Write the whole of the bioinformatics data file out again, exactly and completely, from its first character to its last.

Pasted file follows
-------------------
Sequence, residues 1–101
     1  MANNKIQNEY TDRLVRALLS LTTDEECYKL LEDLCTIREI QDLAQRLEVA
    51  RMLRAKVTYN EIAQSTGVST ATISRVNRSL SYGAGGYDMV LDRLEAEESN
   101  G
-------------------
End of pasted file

Sequence, residues 1–101
     1  MANNKIQNEY TDRLVRALLS LTTDEECYKL LEDLCTIREI QDLAQRLEVA
    51  RMLRAKVTYN EIAQSTGVST ATISRVNRSL SYGAGGYDMV LDRLEAEESN
   101  G